Mnemonic Coins and Pattern Avoidance 

One of the standard assumptions about tosses of a “fair coin” is that a coin has no memory, which is to say, the probability of any particular outcome on the next toss is independent of the outcomes of previous tosses. For example, if a coin has just come up heads ten times in a row, we might think it is almost certain to come up tails on the next toss, because it is “overdue” for tails, but this is not the case. The probability of heads is exactly 1/2 on the next toss, just as it was on each previous toss – assuming it is a standard fair coin. 

However, we can also consider a coin with memory. Such a coin could still be “fair” in the sense that it does not inherently favor one outcome over another. For example, we could define a coin that has, on any given toss, a probability of 2/3 to come up the same as it did on the previous toss, and a probability of 1/3 to come up differently than the previous toss. This rule treats heads and tails equally, so it is nominally “fair”, and the asymptotic fractions of heads and tails are both 1/2, but there are local correlations between consecutive tosses. Even though the explicit memory of the coin extends back only one toss, the nonstandard correlations are carried over an infinite number of tosses, albeit decreasing in significance exponentially. (Strictly speaking, such a coin would resemble a purely monochromatic wave in the sense that it could have no beginning.) 

Suppose one of these mnemonic coins came up heads on the nth toss. The possible results on the subsequent sequence of tosses would be as shown below. 


Thus the outcomes of the third toss following a head have the a priori probabilities 

_{} 

It’s easy to show that the probabilities of heads and tails on the kth toss following a head are

_{} 

which implies that the difference between the a priori probabilities of heads and tails on the kth toss following a head is 1/3^{k}, so the overall probabilities converge on 1/2. 

It’s interesting to observe that the probabilities are partitioned very differently into the 2^{k}^{1} distinct paths that can be followed to reach each of the two outcomes. In the above example, the probabilities of the four individual paths leading to Heads are proportional to 8,2,2,2, whereas the probabilities of the paths leading to Tails are 4,4,1,4. Recall that the entropy of a macrostate possessing N possible microstates with conditional probabilities p_{1}, p_{2},.., p_{N} is defined (with suitable units) as 

_{} 

where p_{1} + p_{2} + … + p_{N} = 1. By analogy, we can define macrosequences based just on the beginning and ending states of a sequence, and we can define each possible path from the specified beginning to the specified ending state as a microsequence of the system, then the “entropies” of the two macrosequences H_{3}H and H_{3}T are 

_{} 

Thus the less probable macrosequence H_{3}T has the higher entropy, which is somewhat counterintuitive, but of course we’re taking liberties with the concept of entropy here. Partitioning a given probability in various ways doesn’t change the total probability. In the thermodynamic sense the entropy of a system refers to partitionings of the system’s energy, and the systems tends toward a macrostate that has the greatest number of representative microstates – assuming each microstate is equally likely. The direct analog to this, for coin tosses, would be to count the number of “ways” of length k from a Head to a Head, and compare this with the number of “ways” from a Head to a Tail. We must then decide what to call a distinct “way”. For example, we could limit our attention to just the number of reversals that a sequence cointains. On that basis there are just two distinct “ways” of going from Head to Head, namely, with zero reversals or with two reversals. These two ways have the conditional probabilities 8/14 and 6/14 respectively. Similarly there are just two ways of going from Head to Tail, namely, with one reversal or three reversals, and these have the probabilities 12/13 and 1/13. Thus the entropies for the two alternatives are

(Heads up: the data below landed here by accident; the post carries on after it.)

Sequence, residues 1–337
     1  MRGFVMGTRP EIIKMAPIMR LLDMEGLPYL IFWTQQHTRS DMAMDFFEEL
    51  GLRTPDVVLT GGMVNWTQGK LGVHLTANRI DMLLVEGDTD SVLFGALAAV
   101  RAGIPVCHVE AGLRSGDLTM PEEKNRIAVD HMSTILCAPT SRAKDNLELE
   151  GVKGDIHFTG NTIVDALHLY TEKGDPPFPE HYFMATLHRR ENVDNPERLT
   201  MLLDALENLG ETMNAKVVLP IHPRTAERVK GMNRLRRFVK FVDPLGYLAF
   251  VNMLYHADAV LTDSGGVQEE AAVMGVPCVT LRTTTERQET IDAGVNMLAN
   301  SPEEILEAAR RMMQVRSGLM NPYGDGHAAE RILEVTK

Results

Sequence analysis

_{} 

From this point of view the more probable outcome has the greater entropy, just the opposite of what we saw before. This shows an inherent ambiguity in the abstract concept of entropy, because every outcome can be considered as a representative of many different classes (macrostates), with differing entropies. The criteria for making the micro and macro classifications must be fully specified in order to give a rigorous definition of entropy. In the following discussion we will consider just the previous criteria, where the ordering of reversals (not just their number) is taken into account. 

The conventional way of approaching a system of this kind is by means of a state vector and transition matrix. We have the two basis vectors 

_{} 

and the transition matrix 

_{} 

where r is the probability that the next outcome will be the same as the previous outcome. Given any state P[n] of the system, the state P[n+1] after the next toss is P[n+1] = MP[n], so the state after the kth toss is 

_{} 

To give explicit expressions for the components P_{1}[k] and P_{2}[k] of the state vector, we first determine the eigenvalues by solving the characteristic equation 

_{} 

This gives l_{1} = 1 and l_{2} = 2r1. Each component of the state vector is of the form 

_{} 

for constants c_{1} and c_{2} determined by the initial conditions. Thus if P[0] = H we have 

_{} 

Unfortunately it isn’t immediately obvious from this approach how to determine the entropies of these macrosequences, for which we need the probabilities of the individual microsequences. To find these, notice that, for k steps, all the paths with an even number of reversals give the same final result as the initial result, whereas all the paths with an odd number of reversals give opposite results. Also, the number of paths with k steps containing r reversals is the binomial coefficient C(k,r). Therefore, the probabilities are sums of alternate terms of the binomial expansion of [r + (1r)]^{k}. For example, with k = 3 we have 

_{} 

In general this gives the probability of a macrosequence as a sum of the probabilities of its microsequences 

_{} 

The entropies can then be expressed as 

_{} 

The substitution r = (1+s)/2 helps to simplify these summations, leading to 

_{} 

From this we get the sum and difference 

_{}